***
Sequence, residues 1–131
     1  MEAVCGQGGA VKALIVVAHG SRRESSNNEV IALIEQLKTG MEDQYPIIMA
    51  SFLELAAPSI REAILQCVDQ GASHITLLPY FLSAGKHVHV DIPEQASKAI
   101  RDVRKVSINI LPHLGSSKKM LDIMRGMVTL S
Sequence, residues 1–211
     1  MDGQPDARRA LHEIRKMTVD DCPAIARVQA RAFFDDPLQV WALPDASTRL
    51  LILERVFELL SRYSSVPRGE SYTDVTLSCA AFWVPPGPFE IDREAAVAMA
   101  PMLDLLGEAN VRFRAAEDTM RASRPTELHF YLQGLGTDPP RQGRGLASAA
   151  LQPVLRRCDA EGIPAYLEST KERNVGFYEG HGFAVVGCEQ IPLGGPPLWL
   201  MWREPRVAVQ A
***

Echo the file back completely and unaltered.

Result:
Sequence, residues 1–131
     1  MEAVCGQGGA VKALIVVAHG SRRESSNNEV IALIEQLKTG MEDQYPIIMA
    51  SFLELAAPSI REAILQCVDQ GASHITLLPY FLSAGKHVHV DIPEQASKAI
   101  RDVRKVSINI LPHLGSSKKM LDIMRGMVTL S
Sequence, residues 1–211
     1  MDGQPDARRA LHEIRKMTVD DCPAIARVQA RAFFDDPLQV WALPDASTRL
    51  LILERVFELL SRYSSVPRGE SYTDVTLSCA AFWVPPGPFE IDREAAVAMA
   101  PMLDLLGEAN VRFRAAEDTM RASRPTELHF YLQGLGTDPP RQGRGLASAA
   151  LQPVLRRCDA EGIPAYLEST KERNVGFYEG HGFAVVGCEQ IPLGGPPLWL
   201  MWREPRVAVQ A